Over to you

Living with dwm

You may have heard of tiling window managers like dwm or i3. These are pretty interesting from a nerdy elitist hacker perspective ("I know Unix!"), but can also look quite nice and make good use of on-screen space. I switched to dwm yesterday and enjoyed spending some time to figure out the absolute basics. On my old, small laptop though, I realised that it suits me best to just have a separate tag per application. Tags are like workspaces, but more flexible; in my case though it’s just a separate desktop for each app.

What’s missing?

Lots of things are missing that you normally take for granted in a full desktop environment like Gnome or KDE. Here are some of the things I’ve noticed so far:

  • Keyboard mapping is unset (defaults to en_US).

  • No keyboard hotkeys for e.g. changing volume.

  • System status bar only tells you about the window manager. You don’t even get a clock!

  • notify-send popups are ugly.

  • No screensaver / lock.

There’s probably a bunch of other things I haven’t even noticed yet. So if you want to live with a minimalist window manager, you have two choices:

  1. just live without these things and do everything from the command line (you can launch one with Alt+Shift+Enter, or in my case Super+Shift+Enter since Alt was conflicting with shortcuts in Firefox)…​ or

  2. find and configure (or write your own) external tools to replace the missing parts.

Adding what you need

Let’s take a look at my ~/.xsessionrc file which should run a bunch of programs when I next start dwm. (I say should because I haven’t logged out and back in yet.)


setxkbmap ie
dunst & disown
xautolock -time 10 -locker "xset dpms force off && slock" && disown
~/bin/scripts/dwm_status & disown
xbindkeys -f /home/omf/.xbindkeysrc

The first command is straightforward — it just tells X to use the "English (Ireland)" layout for the keyboard. No problem.

Next, we use Dunst as the system notifier, so that messages displayed with notify-send can be formatted and have arbitrary timeouts. Note the use of command & disown to launch programs as daemons that stay the background.

We then use xautolock and the extremely barebones slock to lock the screen after 10 minutes of inactivity. I also want the screen to turn off when locking, so xset dpms force off does that until we move the mouse or hit a key.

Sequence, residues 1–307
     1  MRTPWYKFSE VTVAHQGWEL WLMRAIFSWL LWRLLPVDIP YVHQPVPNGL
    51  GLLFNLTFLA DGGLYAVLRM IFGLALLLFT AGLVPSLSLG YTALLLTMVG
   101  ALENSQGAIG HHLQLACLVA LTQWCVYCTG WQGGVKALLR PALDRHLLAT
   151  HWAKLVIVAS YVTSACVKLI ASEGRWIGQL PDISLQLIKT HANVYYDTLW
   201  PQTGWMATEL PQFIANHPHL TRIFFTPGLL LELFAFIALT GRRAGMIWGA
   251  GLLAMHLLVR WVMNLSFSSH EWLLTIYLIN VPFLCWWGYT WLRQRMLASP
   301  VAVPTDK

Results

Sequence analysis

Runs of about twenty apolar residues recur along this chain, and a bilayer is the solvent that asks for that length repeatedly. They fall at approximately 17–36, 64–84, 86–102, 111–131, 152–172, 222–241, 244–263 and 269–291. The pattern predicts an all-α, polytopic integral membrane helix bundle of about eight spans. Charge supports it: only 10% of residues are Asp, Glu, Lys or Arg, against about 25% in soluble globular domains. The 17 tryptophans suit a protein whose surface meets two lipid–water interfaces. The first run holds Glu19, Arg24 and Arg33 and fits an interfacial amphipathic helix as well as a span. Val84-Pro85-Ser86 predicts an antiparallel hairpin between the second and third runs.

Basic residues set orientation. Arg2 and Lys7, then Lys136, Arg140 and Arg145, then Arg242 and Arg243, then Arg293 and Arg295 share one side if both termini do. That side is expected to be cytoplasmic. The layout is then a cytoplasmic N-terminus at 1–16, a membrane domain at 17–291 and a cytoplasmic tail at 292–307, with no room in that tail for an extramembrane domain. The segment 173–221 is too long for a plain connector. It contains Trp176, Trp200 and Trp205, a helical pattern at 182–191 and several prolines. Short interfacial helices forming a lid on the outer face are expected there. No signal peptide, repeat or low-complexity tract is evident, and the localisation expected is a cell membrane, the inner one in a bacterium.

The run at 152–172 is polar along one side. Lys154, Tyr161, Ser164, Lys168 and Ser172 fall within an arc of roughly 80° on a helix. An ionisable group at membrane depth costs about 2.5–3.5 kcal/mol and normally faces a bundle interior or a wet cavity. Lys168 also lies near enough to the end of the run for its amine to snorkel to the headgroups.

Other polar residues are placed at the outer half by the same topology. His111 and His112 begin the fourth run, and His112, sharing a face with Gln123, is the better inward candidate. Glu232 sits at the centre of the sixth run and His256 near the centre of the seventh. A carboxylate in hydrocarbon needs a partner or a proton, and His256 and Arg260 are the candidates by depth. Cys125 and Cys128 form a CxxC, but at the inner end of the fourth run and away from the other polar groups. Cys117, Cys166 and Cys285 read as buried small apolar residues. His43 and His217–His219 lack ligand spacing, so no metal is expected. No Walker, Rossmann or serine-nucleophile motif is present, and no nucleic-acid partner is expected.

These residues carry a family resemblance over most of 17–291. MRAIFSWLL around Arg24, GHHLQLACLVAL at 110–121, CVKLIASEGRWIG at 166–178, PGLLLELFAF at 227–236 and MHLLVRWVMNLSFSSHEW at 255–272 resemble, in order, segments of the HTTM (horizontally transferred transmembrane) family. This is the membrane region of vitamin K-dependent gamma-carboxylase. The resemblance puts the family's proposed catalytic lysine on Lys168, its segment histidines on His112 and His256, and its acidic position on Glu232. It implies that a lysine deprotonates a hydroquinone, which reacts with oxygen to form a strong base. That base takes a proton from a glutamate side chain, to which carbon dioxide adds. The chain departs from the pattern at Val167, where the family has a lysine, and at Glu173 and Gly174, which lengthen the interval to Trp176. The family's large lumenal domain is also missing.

Then, we run a script called dwm_status to periodically update the dwm status bar at the top of the screen. Updating the status bar is done by calling xsetroot -name "(new text)". Let’s have a look at the dwm_status script.


while true; do
  sleep 30

We can see that it just sleeps in a loop, calling dwm_status_update once every 30 seconds. Okay, what’s in that file?


DATE=$(date +"%F %H:%M")
VOLUME=$(pactl list sinks | grep 'Volume: front-left' | awk '{print $5}')

xsetroot -name "⏰ $DATE | 🔊 $VOLUME"

Okay, now we have something. So our status bar so far just has the date/time and system volume. We used pactl and some ugly grep/awk to get what we needed. It’s a shame there’s no machine-readable output from pactl. You set the volume by calling set-sink-volume but there’s no get-sink-volume which would have been handy.

You might ask why this is split into two scripts. That’s because I want to be able to do things that immediately update the status bar without waiting 30 seconds. The last action in .xsessionrc, calling xbindkeys, gives an example of that.


Mod4 + KP_Add

Mod4 + KP_Subtract

Note that Mod4 means Super, otherwise known as "Windows key". So Super+Numkey_PLUS/MINUS raise or lower the volume by a small increment. Let’s look at one of those scripts.


SINK=$(pactl list sinks short | grep RUNNING | awk '{ print $2 }')

pactl set-sink-volume $SINK +5%

This sets the volume up by 5% then calls the status bar update script. Note that you can get the desired sink name with pactl list sinks | grep Name:.


So far it’s been a fun journey, and it certainly seems to yield a noticeable performance improvement on this fairly old laptop. There are a few limitations that I’m still not super happy with, like the fact that you can only run one instance of xautolock, so you can’t have e.g. the screen switching off (with DPMS) after 2 minutes idle, but locking after 10 minutes. They have to both happen in the same single step.

On the other hand, dwm includes the fantastic dmenu which functions as an application launcher, but can also be used in interactive scripts to do cool things. More on that in future maybe.

I’m not sure if I’ll stick with this minimalist setup, but it’s certainly doable and you’ll undoubtedly learn from the process.

Update 2020-04-19

Some other things I’ve taken for granted with full desktop environments that don’t come out of the box with dwm:

  • Screenshots.

  • More intelligent control of backlight via DPMS (i.e. don’t turn it off when I’m playing a video, and if the display wakes while locked, but I don’t unlock it, then it should sleep the display again after a few seconds).

  • Floating dialog boxes that look good.

  • Widgets for e.g. Bluetooth and wifi configuration.

  • Hitting a hotkey (Super in Gnome) to see all windows in a zoomed-out view, without generating mouse events in them.

All of these are things you can probably replace with alternative tools (or write your own) without a huge effort, but it’s easy to forget how useful they are until you don’t have them.